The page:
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When I Heard the Bell [Hardcover]

John MacLeod
4.2 out of 5 stars  See all reviews (14 customer reviews)

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Book Description

2 Feb 2008
On 31 December 1918, hours from the first New Year of peace, hundreds of Royal Naval Reservists from the Isle of Lewis poured off successive trains onto the quayside at Kyle of Lochalsh. A chaotic Admiralty had made no adequate arrangements for their safe journey home. Corners were cut, an elderly and recently requisitioned steam-yacht was sent from Stornoway, and that evening HMY Iolaire sailed from Kyle of Lochalsh, grossly overloaded and with life-belts for less than a third of all on board. The Iolaire never made it. At two in the morning, in pitch-black and stormy conditions, she piled onto rocks only yards from the harbour entrance and just half a mile from Stornoway pier, where thronged friends and relatives eagerly awaited the return of their heroes.205 men drowned, 188 of them natives of Lewis and Harris - men who had come through all the alarms and dangers of the First World War only to die on their own doorstep, at the mouth of a harbour many could themselves have navigated with ease, on a day precious to Highlanders for family, celebration and togetherness. The loss of the Iolaire remains the worst peacetime British disaster at sea since the sinking of the Titanic. Yet, beyond the Western Isles, few have ever heard of what is not only one of the cruellest events in our history but an extraordinary maritime mystery - a tale not only of bureaucrats in a hurry, unfathomable Naval incompetence and abiding, official contempt for the lives of Highlanders, but of individual heroism, astonishing escapes, heart-rending anecdote and the resilience and faith of a remarkable people.In the first English account and on the ninetieth anniversary of the 'dark ship', John MacLeod tells the story of the Iolaire, the astonishing commitment of the people of Lewis to the war against the Kaiser, its sickening end, and the way of life the disaster effectively destroyed - a tipping-point, he argues, in the overthrow of an old human economy and which deprived the Isle of Lewis of an entire generation.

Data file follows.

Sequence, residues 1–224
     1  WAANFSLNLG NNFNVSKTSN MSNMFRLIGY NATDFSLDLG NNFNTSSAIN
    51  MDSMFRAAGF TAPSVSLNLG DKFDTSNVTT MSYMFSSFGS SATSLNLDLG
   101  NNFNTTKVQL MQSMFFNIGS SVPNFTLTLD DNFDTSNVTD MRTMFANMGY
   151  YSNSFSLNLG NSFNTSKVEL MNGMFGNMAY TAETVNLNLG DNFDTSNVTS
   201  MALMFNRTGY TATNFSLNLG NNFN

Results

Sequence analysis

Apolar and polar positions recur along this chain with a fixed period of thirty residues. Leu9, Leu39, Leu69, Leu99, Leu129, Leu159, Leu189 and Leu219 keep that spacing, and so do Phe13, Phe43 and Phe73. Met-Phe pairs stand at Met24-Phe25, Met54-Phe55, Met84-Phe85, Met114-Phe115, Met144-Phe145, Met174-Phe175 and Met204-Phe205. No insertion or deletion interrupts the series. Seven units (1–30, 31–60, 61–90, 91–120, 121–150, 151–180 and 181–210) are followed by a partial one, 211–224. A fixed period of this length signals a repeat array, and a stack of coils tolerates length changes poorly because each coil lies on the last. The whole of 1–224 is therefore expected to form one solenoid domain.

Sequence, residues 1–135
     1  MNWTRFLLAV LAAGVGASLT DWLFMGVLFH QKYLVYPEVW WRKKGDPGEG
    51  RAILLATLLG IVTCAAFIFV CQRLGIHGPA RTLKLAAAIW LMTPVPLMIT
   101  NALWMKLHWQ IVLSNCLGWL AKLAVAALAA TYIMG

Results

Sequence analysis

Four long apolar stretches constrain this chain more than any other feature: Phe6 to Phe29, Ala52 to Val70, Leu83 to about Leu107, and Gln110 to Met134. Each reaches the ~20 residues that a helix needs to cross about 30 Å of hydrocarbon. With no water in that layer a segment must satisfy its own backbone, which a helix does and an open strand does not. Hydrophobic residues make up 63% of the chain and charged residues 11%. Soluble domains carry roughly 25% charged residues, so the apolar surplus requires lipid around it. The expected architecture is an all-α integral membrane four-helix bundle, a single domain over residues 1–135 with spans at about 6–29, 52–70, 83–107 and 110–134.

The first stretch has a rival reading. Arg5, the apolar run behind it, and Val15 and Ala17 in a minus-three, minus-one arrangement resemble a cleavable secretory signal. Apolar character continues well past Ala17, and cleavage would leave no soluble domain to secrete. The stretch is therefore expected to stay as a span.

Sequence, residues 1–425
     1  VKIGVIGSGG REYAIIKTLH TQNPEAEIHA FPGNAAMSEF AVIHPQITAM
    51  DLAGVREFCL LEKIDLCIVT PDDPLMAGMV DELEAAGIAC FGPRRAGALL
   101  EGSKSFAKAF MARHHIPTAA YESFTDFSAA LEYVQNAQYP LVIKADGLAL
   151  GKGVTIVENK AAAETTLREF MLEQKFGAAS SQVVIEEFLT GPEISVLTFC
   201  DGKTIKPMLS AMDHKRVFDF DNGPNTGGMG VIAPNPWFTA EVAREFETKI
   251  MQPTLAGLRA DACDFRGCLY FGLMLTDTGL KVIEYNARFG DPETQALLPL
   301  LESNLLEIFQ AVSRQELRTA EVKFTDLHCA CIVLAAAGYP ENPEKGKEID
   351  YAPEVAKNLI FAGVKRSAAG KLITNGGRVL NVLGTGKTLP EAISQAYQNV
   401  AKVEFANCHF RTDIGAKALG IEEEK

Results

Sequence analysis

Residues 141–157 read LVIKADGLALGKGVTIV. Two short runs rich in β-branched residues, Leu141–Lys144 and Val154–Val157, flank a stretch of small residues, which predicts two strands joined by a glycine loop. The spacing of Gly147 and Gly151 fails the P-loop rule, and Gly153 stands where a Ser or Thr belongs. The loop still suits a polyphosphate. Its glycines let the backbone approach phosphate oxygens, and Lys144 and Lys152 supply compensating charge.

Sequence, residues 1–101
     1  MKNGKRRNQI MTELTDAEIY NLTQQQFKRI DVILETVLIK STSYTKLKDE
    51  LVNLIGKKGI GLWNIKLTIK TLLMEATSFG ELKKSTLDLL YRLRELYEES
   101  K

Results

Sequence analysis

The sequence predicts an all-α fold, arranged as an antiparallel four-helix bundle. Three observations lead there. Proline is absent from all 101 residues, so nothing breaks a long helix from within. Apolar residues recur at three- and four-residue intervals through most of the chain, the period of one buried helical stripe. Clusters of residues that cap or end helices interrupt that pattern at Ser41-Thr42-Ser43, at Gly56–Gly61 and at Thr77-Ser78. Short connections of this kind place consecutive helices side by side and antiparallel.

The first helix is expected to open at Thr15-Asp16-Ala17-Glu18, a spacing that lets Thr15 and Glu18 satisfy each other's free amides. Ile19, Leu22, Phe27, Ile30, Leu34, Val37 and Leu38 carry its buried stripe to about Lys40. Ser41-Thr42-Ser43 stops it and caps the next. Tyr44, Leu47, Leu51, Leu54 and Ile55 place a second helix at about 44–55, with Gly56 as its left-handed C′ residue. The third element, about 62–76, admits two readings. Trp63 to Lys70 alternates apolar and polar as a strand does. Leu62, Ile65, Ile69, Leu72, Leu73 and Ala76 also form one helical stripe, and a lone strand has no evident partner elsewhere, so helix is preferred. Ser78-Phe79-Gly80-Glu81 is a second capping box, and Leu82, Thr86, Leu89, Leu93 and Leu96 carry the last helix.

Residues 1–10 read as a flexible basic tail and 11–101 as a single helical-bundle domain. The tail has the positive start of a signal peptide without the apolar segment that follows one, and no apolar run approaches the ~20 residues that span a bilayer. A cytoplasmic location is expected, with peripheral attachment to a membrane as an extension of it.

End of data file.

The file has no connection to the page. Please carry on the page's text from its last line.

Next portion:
Product details

  • Hardcover: 272 pages
  • Publisher: Birlinn Ltd; First Edition edition (2 Feb 2008)
  • Language: English
  • ISBN-10: 1841587923
  • ISBN-13: 978-1841587929
  • Product Dimensions: 20 x 15.4 x 3 cm
  • Average Customer Review: 4.2 out of 5 stars  See all reviews (14 customer reviews)
  • Amazon Bestsellers Rank: 886,477 in Books (See Top 100 in Books)

More About the Author

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Product Description


The first English-language account of the Iolaire disaster,published to coincide with the ninetieth anniversary of the disaster. Essential reading for anyone interested in the Western Isles. 'Evocative and wholly magnificent'- Roger Hutchison, The Scotsman.

About the Author

John MacLeod was born in Lochaber in 1966. After graduating from Edinburgh University, he began his career at BBC Highland in Inverness and quickly established himself as a freelance writer. He won Scottish Journalist of the Year in 1991 and contributed regularly to The Scotsman and The Herald. He is presently a columnist with the Scottish Daily Mail and is the author of several books. He lives on a croft on the west side of Lewis with a small, elderly dog, two melodeons, a 4-oven Aga and far too many chickens. He is the author of Banner in the West, also published by Birlinn.

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Customer Reviews

Most Helpful Customer Reviews
33 of 33 people found the following review helpful
5.0 out of 5 stars A Long Awaited Work 8 Feb 2009
For the people of Lewis, this book is long overdue. It tells the story of an event that had a catastrophic effect on that Hebidean island and does this with great authority and style, writing of the sinking of the 'Iolaire' outside Stornoway harbour on 1st January 1919. The vessel was full of servicemen returning home after the First World War; over 200 being drowned a short distance from the island they called home. It was a toll of life all the more terrible after the sacrifice of the war that had gone before.

It was an incident, too, that had a cataclysmic effect on the people of the islands of Lewis and Harris, robbing many rural communities of the young men on whom their future depended.

The power of this book is the way it not only tells the story, but also the manner in which it places the tragedy in context, both local and 'international' and shows how it influenced the later history of these islands.

The author John Macleod deserves praise for the way he has mastered - what must have been - harrowing and gruelling information, and fashioned into a masterpiece of fluent and fascinating prose. As a native of that island, I am in his debt for the way he has done this. So, too, are many others who were brought up in a landscape scarred - even today - by this terrible event. At long last, he has removed the tight gap of both time and place and allowed its victims to speak.
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12 of 12 people found the following review helpful
5.0 out of 5 stars When I Heard the Bell 11 May 2009